There have been a number of high profile cases of dishonesty in reporting scientific results over the past ten years, but these errors in the conduct of the scientific method may not change public attitude towards scientific method itself. Ma-Kellams and Blascovich, using the usual cohort of university undergraduates as subjects (this time at Univ. of California Santa Barbara) show that exposure to science and experimental primes of science increase the likelihood of enforcing moral norms, Thinking about science had a moralizing effect on several domains: interpersonal violations, prosocial intentions, and economic exploitation. The experiments tested whether inducing thoughts about science could influence both reported, as well as actual, moral behavior by "priming" students with expose words like “logical,” “hypothesis,” “laboratory” and “theory.” They then judged the severity of a date-rape transgression, determined the level of altruistic activities they intended over the next month, and did a behavioral economic game that measures the level of altruistic motivation. The author's conclusions:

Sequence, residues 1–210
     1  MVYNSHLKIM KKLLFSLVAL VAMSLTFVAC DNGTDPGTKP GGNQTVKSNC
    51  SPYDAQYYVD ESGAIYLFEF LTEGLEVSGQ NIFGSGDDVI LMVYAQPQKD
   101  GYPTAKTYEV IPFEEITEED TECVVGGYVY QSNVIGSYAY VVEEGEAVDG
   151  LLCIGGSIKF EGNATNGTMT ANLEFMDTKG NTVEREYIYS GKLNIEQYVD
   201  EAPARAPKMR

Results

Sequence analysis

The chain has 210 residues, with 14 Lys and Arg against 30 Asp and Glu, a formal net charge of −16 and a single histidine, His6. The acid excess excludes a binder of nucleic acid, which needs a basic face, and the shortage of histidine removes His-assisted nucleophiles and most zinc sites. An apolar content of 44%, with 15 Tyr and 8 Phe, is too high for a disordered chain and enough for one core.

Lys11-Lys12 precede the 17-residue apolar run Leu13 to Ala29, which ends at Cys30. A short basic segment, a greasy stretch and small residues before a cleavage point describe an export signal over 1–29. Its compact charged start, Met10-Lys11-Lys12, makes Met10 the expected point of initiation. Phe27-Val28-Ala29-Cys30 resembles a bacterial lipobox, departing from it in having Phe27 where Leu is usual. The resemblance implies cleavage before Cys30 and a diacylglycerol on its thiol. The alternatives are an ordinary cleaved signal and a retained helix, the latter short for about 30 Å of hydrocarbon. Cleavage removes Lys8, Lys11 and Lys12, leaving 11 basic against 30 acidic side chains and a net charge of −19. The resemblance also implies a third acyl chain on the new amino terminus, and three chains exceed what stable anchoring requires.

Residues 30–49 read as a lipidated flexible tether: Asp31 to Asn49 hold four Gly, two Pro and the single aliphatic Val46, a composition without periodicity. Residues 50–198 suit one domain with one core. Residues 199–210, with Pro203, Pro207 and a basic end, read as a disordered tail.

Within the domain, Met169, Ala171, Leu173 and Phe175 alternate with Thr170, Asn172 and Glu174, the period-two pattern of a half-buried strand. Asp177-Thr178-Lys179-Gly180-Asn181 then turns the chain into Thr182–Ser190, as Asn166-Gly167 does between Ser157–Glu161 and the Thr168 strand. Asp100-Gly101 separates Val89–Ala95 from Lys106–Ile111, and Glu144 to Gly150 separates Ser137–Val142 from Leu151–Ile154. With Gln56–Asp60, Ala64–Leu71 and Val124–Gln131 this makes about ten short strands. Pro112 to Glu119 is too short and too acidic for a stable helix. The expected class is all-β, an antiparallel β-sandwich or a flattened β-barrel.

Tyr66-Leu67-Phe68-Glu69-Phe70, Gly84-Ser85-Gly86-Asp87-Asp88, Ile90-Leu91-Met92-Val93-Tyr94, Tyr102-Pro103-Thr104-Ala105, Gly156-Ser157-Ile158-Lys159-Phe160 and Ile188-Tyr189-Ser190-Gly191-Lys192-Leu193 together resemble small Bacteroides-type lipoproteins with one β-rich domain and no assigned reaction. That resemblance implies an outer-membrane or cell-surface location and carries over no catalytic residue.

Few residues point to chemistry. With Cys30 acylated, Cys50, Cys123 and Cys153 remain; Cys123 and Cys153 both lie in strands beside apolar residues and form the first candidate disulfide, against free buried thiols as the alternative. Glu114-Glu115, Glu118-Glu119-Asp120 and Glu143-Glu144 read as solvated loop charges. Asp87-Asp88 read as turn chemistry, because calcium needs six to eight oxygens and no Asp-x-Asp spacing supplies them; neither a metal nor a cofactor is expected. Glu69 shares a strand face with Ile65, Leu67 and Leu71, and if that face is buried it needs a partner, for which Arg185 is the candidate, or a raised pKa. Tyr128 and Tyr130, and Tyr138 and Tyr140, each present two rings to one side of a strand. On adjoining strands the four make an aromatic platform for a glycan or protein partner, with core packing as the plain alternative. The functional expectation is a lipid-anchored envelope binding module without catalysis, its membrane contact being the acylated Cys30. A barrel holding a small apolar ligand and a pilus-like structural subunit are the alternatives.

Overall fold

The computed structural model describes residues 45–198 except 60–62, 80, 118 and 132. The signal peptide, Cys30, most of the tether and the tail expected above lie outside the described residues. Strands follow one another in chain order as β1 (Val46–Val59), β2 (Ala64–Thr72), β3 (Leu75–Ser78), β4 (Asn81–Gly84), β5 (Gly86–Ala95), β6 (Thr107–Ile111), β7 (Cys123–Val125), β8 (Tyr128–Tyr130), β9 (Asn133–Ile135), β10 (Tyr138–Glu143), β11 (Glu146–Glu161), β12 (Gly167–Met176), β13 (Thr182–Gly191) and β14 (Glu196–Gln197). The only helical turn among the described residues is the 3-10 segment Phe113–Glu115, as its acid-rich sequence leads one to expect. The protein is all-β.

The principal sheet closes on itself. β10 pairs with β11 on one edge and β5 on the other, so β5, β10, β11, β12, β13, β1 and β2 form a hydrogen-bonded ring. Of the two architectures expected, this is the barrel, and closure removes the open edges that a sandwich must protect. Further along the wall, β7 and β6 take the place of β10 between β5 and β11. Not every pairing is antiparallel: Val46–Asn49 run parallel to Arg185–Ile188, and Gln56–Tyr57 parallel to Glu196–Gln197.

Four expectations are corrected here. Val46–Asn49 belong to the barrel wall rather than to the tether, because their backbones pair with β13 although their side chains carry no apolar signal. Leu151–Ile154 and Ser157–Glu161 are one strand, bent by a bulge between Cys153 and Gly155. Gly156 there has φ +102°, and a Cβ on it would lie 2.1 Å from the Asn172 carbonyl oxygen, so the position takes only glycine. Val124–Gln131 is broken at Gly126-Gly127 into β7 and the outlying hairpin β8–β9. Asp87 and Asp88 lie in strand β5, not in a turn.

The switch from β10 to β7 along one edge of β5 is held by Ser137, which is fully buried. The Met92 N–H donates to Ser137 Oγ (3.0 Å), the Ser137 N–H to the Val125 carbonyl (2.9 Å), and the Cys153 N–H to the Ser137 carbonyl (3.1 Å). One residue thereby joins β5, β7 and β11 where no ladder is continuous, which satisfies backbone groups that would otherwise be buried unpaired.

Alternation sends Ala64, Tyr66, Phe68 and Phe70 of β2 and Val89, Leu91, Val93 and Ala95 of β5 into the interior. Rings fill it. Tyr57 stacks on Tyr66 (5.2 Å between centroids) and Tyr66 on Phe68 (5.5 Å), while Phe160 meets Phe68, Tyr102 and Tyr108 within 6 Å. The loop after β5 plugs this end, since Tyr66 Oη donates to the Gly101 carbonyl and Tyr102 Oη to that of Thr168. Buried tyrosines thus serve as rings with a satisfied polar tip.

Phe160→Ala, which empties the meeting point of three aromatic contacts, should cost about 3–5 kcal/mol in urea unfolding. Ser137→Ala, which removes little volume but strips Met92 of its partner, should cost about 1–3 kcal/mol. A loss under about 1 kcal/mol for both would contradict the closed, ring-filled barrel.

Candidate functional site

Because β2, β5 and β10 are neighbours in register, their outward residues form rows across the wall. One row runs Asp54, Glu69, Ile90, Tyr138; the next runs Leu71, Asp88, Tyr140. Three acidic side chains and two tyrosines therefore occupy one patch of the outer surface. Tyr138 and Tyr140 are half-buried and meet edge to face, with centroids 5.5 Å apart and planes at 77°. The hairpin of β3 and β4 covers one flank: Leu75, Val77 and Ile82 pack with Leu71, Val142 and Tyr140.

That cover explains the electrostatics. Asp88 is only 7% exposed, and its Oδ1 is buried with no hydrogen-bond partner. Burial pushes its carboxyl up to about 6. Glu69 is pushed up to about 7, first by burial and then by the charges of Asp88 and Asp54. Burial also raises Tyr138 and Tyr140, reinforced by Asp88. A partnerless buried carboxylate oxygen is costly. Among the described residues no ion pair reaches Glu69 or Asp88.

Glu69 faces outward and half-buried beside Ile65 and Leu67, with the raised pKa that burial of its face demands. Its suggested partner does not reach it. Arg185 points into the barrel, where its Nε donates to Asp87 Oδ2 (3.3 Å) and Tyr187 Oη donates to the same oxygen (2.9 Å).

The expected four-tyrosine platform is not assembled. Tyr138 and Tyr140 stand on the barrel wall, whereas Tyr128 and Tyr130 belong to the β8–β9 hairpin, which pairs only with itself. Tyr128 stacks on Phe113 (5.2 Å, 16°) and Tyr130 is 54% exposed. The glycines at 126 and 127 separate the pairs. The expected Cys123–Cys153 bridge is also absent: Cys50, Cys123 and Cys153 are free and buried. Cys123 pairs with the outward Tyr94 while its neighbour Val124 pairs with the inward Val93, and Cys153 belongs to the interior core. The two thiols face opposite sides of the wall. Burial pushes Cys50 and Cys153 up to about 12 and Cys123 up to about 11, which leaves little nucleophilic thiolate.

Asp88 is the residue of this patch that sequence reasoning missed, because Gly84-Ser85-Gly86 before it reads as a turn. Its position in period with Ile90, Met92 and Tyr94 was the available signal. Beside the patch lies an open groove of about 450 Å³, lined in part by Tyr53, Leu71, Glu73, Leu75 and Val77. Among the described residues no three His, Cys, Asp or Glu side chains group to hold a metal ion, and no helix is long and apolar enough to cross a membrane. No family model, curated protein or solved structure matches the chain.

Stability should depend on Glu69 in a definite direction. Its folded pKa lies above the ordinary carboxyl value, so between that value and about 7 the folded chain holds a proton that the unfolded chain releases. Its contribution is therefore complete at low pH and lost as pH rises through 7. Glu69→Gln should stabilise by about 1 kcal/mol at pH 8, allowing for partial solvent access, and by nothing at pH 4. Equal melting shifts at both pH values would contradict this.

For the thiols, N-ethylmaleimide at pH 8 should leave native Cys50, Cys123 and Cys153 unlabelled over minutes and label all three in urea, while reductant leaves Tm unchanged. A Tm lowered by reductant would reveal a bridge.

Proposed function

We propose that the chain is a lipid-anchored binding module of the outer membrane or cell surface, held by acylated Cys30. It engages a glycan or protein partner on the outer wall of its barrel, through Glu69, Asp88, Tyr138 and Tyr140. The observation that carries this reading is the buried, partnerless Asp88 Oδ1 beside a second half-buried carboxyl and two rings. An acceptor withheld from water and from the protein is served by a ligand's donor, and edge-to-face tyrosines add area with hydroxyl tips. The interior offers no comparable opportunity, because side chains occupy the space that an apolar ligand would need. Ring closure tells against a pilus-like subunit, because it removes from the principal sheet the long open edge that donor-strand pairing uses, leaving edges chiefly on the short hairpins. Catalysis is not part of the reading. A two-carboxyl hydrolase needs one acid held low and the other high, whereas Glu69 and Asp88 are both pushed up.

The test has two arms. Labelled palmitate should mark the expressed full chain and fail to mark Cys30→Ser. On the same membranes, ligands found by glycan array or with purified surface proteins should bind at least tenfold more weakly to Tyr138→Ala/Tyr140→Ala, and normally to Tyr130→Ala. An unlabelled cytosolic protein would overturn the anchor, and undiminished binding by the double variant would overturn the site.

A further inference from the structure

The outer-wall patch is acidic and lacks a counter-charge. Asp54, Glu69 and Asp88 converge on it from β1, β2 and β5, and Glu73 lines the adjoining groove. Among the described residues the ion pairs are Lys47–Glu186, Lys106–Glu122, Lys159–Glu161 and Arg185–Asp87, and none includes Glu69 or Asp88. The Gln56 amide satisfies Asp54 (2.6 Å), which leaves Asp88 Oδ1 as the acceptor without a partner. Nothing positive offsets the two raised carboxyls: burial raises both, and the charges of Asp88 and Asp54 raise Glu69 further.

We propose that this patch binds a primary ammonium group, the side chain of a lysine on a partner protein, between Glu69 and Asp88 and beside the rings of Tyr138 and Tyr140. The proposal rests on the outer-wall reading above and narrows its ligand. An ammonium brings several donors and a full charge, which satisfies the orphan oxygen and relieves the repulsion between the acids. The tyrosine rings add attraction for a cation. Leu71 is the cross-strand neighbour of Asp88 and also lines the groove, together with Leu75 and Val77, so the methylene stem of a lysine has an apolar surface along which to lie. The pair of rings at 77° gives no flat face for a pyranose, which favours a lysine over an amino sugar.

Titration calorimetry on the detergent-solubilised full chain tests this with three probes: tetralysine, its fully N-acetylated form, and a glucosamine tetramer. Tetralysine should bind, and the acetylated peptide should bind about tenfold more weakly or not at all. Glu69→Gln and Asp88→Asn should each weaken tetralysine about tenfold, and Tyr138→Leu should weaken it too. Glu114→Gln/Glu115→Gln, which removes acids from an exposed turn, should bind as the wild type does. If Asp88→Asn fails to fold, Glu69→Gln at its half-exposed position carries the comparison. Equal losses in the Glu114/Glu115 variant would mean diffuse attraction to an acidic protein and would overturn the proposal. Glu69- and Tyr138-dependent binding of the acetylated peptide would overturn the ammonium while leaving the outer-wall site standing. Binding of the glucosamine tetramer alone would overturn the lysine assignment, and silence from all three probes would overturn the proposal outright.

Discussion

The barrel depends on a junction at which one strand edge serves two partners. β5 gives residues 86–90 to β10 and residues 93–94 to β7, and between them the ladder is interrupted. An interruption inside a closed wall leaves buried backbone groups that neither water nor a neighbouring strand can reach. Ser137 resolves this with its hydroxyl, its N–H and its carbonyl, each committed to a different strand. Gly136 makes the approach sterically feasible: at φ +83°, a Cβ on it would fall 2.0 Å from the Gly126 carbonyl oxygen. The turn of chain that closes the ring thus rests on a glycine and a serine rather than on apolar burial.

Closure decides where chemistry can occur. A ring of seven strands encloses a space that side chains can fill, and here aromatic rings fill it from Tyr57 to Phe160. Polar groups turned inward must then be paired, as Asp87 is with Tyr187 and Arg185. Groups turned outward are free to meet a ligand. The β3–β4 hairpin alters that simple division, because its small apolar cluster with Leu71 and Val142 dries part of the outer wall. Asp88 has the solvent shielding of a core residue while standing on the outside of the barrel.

These studies demonstrated the morally normative effects of lay notions of science. Thinking about science leads individuals to endorse more stringent moral norms and exhibit more morally normative behavior. These studies are the first of their kind to systematically and empirically test the relationship between science and morality. The present findings speak to this question and elucidate the value-laden outcomes of the notion of science.